2 thoughts on “Johanna Finegan at Revoice

  1. What was spoken in this session reminds me of a post on SF written a few years ago titled “The Pursuit of Banality”. That article touched me very deeply during a season of deep reflection. For a while before that time, I felt this extreme tension between the ideal and real dimensions of experience. In an ideal sense, I thought it was good and necessary to speak plainly about different aspects of my experience so that I can grow as a person of Christ. On the other hand, the dynamics which resulted from acting on that ideal were quite devastating. I simply felt that I had to lock up most of who I was and what I experienced in community. Some of the consequences of sharing those inner parts included:

    a.) being told my faith is not enough, pray more
    b.) a lot of shaming silence and cold stares and
    c.) persons using scripture and personal information to hold power over me. In terms of the latter, that was not a matter of respecting or not respecting persons in authority; rather, persons in authority respecting and honoring me. What that looked like was someone would speak to me in a way that used scripture to tear me down. They had to feel like they were higher than me. Almost always those interactions were accompanied by cold and squinty eyes. It was hard to muster up the courage to call it out. When I did call it out, it was hurled back at me and basically told it was my fault that I felt that way.

    In one sense, what it really felt like was that talking about my weaknesses had convicted certain people in my community of the mask they were wearing. I remember receiving that insight a few years prior but I did not have enough support or really the courage to say that in a constructive way. I remained silent. In some ways, I believe there was an ideal thrust upon me where I was imagined to be a person other than I was. That person did not include someone who was schizophrenic nor a person who experienced same-sex attraction. I really felt like I had to fit the mold of this perfectly packaged baptist boy. If I did not fit that mold or say the right words, I was a failure. I remember thinking one time, “Just because you cannot see it or experience it firsthand does not mean it’s not real!”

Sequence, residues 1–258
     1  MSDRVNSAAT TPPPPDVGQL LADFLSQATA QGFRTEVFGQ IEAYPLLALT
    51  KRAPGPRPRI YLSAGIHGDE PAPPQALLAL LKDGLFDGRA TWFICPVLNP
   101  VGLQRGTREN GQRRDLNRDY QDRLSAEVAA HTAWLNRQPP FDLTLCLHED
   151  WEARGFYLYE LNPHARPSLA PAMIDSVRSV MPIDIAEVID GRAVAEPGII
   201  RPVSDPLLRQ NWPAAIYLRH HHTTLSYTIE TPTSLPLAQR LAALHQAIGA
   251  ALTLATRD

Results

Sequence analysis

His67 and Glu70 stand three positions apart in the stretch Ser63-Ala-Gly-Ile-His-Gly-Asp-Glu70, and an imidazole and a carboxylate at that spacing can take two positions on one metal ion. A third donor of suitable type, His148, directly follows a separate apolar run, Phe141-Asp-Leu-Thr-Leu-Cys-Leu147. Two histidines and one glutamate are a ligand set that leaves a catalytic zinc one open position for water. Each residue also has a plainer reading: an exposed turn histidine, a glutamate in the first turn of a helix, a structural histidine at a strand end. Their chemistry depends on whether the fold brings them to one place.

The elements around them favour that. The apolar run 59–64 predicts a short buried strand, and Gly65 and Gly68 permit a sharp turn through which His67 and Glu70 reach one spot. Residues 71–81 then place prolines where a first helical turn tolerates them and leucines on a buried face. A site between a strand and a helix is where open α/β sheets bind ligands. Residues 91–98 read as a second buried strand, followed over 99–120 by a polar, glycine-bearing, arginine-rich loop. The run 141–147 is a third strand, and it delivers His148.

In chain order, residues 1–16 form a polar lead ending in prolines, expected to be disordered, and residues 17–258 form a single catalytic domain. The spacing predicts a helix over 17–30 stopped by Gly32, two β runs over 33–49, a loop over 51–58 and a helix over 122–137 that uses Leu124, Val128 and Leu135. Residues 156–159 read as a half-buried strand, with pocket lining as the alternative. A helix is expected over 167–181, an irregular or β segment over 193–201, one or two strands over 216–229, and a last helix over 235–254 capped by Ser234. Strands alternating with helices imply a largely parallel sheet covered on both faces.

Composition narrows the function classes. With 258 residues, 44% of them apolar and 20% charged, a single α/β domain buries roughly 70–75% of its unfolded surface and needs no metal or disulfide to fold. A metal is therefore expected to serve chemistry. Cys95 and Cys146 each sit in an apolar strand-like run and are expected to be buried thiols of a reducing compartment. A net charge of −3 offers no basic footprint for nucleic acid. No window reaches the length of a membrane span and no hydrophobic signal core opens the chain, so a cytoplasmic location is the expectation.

Backing up to a few years prior, by the grace of God and before I even knew Him, I realized that it is okay to feel weak. I was around 19 years old at the time working on a farm in Lancaster County, Pennsylvania raising livestock on pasture. I grew up about fifteen minutes distance away from the farm. This place was very special to me. The one manager and I grew really close. I lived with she and her family for a while. Her name is Sarah. I cannot even tell you the amount of time we had spent talking with one another. On slower days, we had occasionally talked for almost four to five hours. She helped me with so much of the crap I was working through and we also talked about many other things. Clearly, I was a salaried worker, haha. Without a doubt, that woman planted the Word of God in me. I am actually crying as I write this. Oh, I love her. However, I never told her about my experience with schizophrenia. I was so afraid to tell anyone. I felt a lot of shame about it. I finally told her about it a couple of winters ago and she was somewhat surprised. However, she also did not question my competence, validity, or ability to reason. I think one of the hardest things about living with that mental illness is the fear of others’ response and the possibility of controlling assumptions. If I were to say, “Yeah, I experience schizophrenia,” an assumption someone could make was that I cannot discern reality from delusion without ever asking me how if I discern the difference. I also believe that most individuals’ perception of schizophrenia is shaped by the witness of folks who live on the streets that yell to the dragons breathing out fire above them. Those are actually quite extreme cases. I know of a nurse that works for a medical clinic locally. She experiences schizophrenia. No one would have ever known if she had not said anything.